Gord Tulloch is the innovative Program Director of the largest community living organization in British Columbia – possAbilities. His command of history, theoretical constructs and ethics qualifies him for the indispensable role as the community living movement's philosopher in British Columbia. It's a pity his other responsibilities limit his writing and commentating. Here is his response to What would you like to become more visible in 2011? You can also Download Becoming Visible - the complete collection of essays.
I would like to see more community, and by that, I mean more natural and organic systems of connection. Besides philanthropic relationships, the closest our over-burdened social and health systems come to accessing community is usually through volunteers, which in the end, and in most cases, resembles an unpaid quasi-professional classification. One only has to sift through volunteer policies and processes, replete with background checks, liability insurance, monitoring mechanisms, codes and restrictions, etc, to know that by the time a formal system is done enlisting the aid of community, it has remade it, in its own image. Usually.
Finding solutions to social problems has to be about building better communities and engaging them; it is not about building more robust social service systems. The answers must come from slipping into the vast, awesome, and indefatigable currents of community. I donʼt think we have begun to contemplate all the relationships and partnerships that might be engendered—whether with businesses, artisans, neighbours, clubs, etc.—and how this will change the complexion of everything.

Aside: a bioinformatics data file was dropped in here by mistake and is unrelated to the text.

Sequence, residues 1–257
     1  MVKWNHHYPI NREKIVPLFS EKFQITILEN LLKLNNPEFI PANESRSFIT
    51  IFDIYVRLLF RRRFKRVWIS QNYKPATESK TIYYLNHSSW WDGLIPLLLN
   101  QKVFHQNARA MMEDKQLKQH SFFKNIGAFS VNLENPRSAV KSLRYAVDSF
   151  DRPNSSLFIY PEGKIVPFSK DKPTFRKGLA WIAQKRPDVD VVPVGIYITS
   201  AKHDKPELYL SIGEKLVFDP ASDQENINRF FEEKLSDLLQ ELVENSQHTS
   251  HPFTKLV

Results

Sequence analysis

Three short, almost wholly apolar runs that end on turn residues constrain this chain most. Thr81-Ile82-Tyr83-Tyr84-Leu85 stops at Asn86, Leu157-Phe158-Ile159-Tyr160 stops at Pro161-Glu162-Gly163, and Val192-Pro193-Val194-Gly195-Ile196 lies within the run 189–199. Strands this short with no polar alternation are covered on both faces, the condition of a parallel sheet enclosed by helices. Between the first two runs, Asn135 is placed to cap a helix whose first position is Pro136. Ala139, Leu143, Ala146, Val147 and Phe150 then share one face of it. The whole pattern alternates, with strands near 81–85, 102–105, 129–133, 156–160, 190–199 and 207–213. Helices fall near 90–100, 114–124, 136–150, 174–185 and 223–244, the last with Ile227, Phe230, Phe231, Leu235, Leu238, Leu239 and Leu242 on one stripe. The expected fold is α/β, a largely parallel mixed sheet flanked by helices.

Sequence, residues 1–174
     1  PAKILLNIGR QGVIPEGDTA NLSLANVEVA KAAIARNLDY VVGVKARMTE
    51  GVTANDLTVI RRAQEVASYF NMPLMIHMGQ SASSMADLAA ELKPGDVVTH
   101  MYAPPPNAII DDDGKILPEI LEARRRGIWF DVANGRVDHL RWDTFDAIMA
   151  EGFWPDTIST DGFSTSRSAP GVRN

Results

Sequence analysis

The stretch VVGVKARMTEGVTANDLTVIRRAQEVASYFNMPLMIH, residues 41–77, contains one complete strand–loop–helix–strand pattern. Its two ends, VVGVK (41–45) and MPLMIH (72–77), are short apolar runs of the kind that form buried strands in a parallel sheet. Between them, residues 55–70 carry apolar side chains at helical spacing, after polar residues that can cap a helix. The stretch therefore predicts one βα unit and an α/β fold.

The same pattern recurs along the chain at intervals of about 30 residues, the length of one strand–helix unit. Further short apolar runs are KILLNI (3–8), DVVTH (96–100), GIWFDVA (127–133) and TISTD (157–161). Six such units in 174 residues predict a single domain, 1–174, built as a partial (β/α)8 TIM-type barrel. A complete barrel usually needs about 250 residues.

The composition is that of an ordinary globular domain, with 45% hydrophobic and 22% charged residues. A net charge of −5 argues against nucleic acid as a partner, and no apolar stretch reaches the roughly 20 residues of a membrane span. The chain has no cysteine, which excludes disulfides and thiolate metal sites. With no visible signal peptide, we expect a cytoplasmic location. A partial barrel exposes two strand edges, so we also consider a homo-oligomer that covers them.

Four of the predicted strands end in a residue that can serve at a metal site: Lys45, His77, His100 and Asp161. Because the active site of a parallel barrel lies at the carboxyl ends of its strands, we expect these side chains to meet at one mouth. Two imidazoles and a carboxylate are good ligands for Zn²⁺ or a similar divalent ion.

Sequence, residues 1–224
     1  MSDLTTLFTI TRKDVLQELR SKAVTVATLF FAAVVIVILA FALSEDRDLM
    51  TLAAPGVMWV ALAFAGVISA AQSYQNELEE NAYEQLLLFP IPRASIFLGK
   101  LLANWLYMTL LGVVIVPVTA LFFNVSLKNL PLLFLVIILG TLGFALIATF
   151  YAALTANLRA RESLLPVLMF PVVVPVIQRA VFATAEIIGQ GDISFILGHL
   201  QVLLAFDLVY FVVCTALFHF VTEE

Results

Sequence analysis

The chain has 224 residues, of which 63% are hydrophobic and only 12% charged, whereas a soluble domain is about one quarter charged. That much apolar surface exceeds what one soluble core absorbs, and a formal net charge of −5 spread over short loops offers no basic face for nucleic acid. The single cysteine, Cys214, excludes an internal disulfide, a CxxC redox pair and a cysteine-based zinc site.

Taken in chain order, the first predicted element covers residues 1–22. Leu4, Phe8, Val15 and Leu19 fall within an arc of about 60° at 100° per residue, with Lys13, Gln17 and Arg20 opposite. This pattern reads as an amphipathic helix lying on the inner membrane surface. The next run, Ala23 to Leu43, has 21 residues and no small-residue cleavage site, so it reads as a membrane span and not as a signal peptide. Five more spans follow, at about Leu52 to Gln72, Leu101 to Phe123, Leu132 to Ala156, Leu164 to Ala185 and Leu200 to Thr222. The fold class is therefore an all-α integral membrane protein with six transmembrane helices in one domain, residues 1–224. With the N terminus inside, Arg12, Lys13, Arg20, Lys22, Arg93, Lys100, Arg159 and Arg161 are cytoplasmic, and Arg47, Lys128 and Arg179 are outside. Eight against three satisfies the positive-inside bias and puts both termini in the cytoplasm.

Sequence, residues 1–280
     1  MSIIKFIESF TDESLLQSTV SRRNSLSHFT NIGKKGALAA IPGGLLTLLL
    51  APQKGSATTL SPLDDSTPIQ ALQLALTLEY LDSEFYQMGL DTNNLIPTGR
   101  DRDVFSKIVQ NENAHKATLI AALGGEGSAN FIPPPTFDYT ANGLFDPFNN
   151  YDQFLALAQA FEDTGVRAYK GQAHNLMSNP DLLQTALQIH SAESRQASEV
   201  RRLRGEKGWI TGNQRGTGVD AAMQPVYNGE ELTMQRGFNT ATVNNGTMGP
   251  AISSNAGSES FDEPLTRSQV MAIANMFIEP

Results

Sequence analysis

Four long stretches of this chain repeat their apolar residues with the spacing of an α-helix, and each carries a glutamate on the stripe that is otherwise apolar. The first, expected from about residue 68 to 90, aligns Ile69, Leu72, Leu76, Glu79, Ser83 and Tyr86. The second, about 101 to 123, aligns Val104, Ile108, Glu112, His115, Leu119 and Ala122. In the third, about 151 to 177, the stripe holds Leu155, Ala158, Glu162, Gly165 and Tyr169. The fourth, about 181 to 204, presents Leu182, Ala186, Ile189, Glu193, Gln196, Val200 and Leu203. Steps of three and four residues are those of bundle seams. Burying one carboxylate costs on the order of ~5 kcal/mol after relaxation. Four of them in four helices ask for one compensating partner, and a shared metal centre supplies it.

Read a recent article on how Gord is infusing social finance and innovation thinking in his organization.
Community living refers to services and supports for people with developmental disabilities.
Please share and distribute to your friends and through your various networks, websites etc. I think you will agree – these are too good to keep to ourselves.